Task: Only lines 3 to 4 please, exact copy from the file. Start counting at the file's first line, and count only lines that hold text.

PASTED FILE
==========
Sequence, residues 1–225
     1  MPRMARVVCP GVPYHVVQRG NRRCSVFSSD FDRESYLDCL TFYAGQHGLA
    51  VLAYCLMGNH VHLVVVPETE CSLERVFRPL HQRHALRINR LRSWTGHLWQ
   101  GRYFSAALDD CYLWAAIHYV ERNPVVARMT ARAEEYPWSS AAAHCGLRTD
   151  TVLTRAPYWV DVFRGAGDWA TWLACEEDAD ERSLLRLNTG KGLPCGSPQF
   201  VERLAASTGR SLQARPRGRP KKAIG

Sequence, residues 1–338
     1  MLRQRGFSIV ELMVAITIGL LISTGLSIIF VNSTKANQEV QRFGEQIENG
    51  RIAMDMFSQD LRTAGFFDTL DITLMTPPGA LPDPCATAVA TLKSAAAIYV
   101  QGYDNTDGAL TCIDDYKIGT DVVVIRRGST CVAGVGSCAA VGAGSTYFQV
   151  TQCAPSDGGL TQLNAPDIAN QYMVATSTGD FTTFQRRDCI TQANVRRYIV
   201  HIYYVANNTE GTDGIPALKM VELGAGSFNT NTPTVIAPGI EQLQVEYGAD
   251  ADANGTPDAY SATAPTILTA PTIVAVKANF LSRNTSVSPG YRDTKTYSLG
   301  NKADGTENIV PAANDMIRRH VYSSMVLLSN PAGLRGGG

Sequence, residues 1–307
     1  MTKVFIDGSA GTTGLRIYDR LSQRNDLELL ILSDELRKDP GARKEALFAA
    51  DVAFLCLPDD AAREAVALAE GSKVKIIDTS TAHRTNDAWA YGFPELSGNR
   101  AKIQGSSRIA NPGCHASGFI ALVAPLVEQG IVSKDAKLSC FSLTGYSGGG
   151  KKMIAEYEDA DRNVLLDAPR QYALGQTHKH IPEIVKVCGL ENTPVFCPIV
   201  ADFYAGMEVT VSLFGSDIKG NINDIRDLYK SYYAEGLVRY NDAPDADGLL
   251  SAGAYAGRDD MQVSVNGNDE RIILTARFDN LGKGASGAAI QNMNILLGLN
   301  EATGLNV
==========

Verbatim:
    51  VLAYCLMGNH VHLVVVPETE CSLERVFRPL HQRHALRINR LRSWTGHLWQ
   101  GRYFSAALDD CYLWAAIHYV ERNPVVARMT ARAEEYPWSS AAAHCGLRTD